We take off plaque & tartar with a toothbrush. Dogs & Cats can use a raw meaty bone, chunks of meat, and dried coconut strips. (NEVER cooked bones)
Remember to always supervise, and ensure the bones are non weight bearing & size appropriate. (larger than the jaw).
What to feed:
Meaty chunks a plenty………there is so much to choose from.
Necks: chicken, duck, lamb, turkey, venison, goat.
Raw trachea, often called moo or baa tubes, also great for joints and squeaky teeth cleaning.
Ribs: lamb, venison, goat.
A word of caution on bones. If you have an avid chewer, one who would eat until there was blood from their mouth and every morsel is gone, we do not advocate giving marrow bones, antlers or anything super hard as these dogs can break teeth. One of mine will have a little gnaw and then leave the chew, the other would happily eat every bit of a bison on the lawn! She does not get marrow!
Kibble will not clean teeth! Telling someone kibble cleans teeth is like telling us to use crisps instead of a toothbrush!
Dentasticks are recommended by some health professionals. We find this shocking due to the ingredients within them. The poor quality, high carbohydrate ingredients turn into sugar. We are all aware what sugar does to teeth, as well as this, it plays havoc on the gut microbiome & this in turn impacts health negatively. If you have ever tried cleaning your teeth with a mars bar first thing in the morning, you know it doesn’t work.
Sometimes a dog can be predisposed, genetically, to have poor dental health and can require a clean, or teeth taken out under anaesthesia.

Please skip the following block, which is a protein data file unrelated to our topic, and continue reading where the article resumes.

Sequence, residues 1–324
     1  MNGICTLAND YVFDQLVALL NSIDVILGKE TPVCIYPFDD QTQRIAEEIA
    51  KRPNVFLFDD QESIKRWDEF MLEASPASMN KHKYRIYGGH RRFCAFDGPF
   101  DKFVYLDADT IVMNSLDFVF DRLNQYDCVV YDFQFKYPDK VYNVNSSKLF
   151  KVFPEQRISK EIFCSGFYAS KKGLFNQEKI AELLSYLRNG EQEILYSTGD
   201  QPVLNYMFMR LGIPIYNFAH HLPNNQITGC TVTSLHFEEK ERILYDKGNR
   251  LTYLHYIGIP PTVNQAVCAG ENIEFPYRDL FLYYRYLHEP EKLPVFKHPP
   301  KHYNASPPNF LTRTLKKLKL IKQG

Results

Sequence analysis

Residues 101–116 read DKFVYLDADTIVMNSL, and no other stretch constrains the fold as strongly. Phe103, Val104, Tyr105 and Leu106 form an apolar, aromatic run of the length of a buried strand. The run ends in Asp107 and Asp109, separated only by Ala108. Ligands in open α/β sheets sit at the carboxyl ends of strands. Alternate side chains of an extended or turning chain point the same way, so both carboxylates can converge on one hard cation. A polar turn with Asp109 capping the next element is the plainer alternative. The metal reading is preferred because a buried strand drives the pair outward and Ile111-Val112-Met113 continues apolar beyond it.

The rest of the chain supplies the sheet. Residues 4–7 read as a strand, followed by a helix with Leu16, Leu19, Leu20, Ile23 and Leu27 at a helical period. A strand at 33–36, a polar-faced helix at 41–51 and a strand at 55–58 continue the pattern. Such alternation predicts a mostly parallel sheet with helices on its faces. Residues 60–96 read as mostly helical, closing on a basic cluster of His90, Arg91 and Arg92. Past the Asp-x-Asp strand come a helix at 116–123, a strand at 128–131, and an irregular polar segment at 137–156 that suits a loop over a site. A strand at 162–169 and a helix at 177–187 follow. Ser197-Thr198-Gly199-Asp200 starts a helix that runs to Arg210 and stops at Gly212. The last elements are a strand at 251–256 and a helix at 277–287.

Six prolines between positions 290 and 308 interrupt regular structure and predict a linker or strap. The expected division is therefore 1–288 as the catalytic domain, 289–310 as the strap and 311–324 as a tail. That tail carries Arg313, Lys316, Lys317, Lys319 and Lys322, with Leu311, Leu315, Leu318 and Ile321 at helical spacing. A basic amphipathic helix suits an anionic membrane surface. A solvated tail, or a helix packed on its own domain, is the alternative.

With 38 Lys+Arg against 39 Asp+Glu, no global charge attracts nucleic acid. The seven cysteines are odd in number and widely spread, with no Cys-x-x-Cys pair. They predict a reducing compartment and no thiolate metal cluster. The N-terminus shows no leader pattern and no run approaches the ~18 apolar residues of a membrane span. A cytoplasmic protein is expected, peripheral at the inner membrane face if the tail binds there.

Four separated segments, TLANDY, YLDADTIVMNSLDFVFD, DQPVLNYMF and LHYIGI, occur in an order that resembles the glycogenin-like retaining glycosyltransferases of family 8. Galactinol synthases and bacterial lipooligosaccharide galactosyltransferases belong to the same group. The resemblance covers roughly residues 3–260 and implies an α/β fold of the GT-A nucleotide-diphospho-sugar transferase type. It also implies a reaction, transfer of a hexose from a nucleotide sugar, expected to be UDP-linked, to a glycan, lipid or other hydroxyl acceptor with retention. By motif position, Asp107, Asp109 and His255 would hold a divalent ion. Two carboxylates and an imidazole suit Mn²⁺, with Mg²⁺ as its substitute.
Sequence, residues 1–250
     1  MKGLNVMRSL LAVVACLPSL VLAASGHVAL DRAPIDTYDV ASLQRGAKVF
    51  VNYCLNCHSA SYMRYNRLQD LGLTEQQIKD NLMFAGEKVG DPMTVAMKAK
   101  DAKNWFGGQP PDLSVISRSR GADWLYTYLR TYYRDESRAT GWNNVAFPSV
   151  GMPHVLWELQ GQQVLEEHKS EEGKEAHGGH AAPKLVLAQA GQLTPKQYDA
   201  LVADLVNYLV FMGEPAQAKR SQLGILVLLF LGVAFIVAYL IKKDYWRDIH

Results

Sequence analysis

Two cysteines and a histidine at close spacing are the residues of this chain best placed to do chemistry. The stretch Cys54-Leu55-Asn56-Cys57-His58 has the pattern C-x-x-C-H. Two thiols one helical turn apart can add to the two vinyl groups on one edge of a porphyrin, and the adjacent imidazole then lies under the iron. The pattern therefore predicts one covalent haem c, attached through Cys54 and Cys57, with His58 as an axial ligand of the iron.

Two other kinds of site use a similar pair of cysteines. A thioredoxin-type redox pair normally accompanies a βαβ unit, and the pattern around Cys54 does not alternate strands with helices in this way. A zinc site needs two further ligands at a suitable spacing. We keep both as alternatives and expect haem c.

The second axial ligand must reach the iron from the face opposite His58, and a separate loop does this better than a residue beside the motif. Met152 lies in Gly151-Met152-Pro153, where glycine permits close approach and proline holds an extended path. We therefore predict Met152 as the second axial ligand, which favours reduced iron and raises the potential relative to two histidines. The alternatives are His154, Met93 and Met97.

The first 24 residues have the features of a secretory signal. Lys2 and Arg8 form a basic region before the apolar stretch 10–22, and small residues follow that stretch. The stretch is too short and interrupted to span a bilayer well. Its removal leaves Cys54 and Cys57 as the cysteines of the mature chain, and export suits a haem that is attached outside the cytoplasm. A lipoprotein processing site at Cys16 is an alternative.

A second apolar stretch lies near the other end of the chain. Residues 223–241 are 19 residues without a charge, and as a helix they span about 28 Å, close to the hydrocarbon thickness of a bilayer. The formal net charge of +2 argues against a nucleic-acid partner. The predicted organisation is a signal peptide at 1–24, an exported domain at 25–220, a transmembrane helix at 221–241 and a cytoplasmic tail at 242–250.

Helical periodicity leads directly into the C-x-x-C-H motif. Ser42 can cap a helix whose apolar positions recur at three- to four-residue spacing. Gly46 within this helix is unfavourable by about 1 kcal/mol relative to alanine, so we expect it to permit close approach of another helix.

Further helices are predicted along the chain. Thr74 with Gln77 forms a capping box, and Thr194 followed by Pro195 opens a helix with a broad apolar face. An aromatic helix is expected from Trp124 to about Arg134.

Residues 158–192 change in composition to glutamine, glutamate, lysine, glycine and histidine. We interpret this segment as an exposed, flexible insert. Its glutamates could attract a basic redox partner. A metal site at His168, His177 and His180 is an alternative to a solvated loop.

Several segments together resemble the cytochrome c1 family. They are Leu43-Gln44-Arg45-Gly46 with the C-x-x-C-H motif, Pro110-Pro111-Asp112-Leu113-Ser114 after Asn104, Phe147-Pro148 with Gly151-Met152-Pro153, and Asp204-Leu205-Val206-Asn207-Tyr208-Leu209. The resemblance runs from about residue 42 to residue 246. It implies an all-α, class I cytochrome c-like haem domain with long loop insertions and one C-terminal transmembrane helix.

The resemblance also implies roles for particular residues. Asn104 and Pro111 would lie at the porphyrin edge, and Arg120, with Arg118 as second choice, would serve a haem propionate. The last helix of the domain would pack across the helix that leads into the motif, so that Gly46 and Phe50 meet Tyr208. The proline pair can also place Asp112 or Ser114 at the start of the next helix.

Inflamed gums & rotten teeth can lead to periodontal disease, this then can lead to other serious health issues, heart disease being one. So always get this checked & operated on, if needed.
If surgery is needed there are some lovely supportive homeopathic remedies available to support for before & after surgery.
A good probiotic afterwards can help support & aid the microbiome to normality.
Give gentle soft foods for a couple of days such as cooked white fish & courgette with a little dill.
If you have a dog who prefers not to chew, or you use a brush as well, there are many different options available. You can use muslin on a finger but there are finger tools available to buy as well as pet toothbrushes, plus a doggy safe toothpaste. Some groomers offer different types of sonic teeth cleaning at regular intervals. It is best to get pups accustomed to teeth cleaning from the start.
Instead of buying toothpaste you can make one, not only saving money but also knowing exactly what is in it. You will need:
2 Tablespoons baking soda
2 Tablespoons melted coconut oil
Pinch ground dried parsley or lemon balm.
Pinch dried mint
Tiny sprinkle of cinnamon.
Lots of other recipes can be found, have a play.
Mix & brush. Cover & keep in the fridge to use as needed.
If you are brave enough to brush the cat’s teeth, power to you!
There are also supplements that can be added to the diet to help clean also.
For long-term health we can all agree it is important to keep those gnashers clean & if at all possible, avoid surgery.